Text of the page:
Romper

Can You Douche While Pregnant? You Shouldn't Do It Ever

One of the not-so-pleasant aspects of being pregnant is the increase in vaginal discharge. Most women experience a thin, milky white vaginal discharge throughout pregnancy. This discharge, known as leukorrhea, is usually odorless or mild-smelling. It's usually not uncomfortable, but women who aren't used to so much discharge may be wondering can you douche while pregnant?

The simple answer is no. In fact, most doctors do not recommend vaginal douching at all.

What exactly is douching? According to the Office on Women's Health from the U.S. Department of Health and Human Services, douching is washing out the inside of the vagina with water or other mixtures of fluids. You can find packaged douches at the store which usually contain a mixture of water and vinegar, baking soda, or iodine. Water is squirted into the vagina using a bottle or bag with a nozzled end (think: enema.)

Women who douche, do so because they feel that it helps eliminate odors, but according to Dr. Elisa Ross, an obstetrician and gynecologist at Cleveland Clinic’s Women’s Health Institute, it is normal for the vagina to have some odor and for the odor to change throughout their cycle (foul odors are a sign of infection and require medical treatment.)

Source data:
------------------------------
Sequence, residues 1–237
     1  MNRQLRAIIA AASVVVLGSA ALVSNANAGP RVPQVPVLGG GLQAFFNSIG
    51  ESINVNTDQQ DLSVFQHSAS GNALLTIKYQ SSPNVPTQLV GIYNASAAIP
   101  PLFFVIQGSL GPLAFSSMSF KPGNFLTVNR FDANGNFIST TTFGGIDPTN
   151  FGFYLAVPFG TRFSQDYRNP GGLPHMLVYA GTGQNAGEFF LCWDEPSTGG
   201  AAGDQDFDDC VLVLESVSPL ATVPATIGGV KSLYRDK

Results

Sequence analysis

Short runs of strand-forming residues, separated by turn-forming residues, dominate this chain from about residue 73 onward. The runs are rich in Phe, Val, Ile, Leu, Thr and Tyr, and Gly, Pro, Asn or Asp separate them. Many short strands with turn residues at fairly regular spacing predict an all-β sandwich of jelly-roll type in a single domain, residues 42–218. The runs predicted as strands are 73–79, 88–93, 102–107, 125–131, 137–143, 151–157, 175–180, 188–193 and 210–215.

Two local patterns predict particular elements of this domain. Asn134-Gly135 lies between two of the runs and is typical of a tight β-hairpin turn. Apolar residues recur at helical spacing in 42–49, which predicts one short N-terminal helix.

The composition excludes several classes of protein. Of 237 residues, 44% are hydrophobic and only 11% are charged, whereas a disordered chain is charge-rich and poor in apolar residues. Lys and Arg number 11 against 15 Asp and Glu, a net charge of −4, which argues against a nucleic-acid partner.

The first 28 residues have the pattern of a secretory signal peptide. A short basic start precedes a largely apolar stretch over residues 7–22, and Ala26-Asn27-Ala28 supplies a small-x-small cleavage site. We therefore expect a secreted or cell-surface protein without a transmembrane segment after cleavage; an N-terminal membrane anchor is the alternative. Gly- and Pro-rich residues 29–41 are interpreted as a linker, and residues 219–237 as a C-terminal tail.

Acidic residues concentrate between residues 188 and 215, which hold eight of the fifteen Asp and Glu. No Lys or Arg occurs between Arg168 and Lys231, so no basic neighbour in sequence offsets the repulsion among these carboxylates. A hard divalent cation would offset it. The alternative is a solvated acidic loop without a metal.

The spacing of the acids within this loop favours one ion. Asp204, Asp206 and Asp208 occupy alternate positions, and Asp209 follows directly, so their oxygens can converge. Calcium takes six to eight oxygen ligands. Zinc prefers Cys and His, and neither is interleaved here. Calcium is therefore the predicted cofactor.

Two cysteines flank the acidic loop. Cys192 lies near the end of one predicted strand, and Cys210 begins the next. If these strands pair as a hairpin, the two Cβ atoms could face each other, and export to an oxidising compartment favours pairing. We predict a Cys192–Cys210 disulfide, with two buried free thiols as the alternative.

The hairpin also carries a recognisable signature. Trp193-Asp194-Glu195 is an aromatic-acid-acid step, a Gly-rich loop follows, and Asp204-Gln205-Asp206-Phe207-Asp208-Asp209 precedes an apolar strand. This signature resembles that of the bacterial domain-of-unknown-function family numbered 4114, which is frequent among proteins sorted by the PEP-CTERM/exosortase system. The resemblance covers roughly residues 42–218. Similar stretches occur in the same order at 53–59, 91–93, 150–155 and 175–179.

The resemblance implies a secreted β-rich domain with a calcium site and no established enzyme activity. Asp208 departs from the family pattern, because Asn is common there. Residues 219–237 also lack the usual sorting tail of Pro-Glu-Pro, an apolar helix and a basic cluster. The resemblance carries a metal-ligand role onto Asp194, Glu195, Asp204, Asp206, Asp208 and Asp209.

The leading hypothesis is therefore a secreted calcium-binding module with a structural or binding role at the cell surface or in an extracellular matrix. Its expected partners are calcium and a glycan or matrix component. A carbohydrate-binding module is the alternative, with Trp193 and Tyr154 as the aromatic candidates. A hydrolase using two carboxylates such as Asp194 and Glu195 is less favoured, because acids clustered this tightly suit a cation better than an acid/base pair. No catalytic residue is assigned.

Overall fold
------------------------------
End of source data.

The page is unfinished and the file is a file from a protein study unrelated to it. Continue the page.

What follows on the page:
sasint/pixabay

By douching, you flush out the normal, healthy microbes and temporarily change the pH of the vagina, creating an easier environment for infections to develop. Your douching may actually be the cause of the odor you are trying to eliminate.

Vaginal douching can also cause serious problems during your pregnancy. A study in the American Journal of Obstetrics and Gynecology found that women who douche during pregnancy have an increased risk of preterm labor. The Office on Women's Health also noted that douching prior to pregnancy can damage fallopian tubes and increase a woman's risk for ectopic pregnancy. Another study on douching from the American Journal For Public Health found that douching caused decreased fertility in women. Participants in the study were six to 50 percent less likely to become pregnant depending on age if they used vaginal douches compared to women who did not douche.

Vaginas are self-cleaning organs, and Ross warned that douching actually harms vaginal health. If you have concerns about vaginal discharge, odor, itch, or pain, see you OB-GYN before trying over the counter treatments.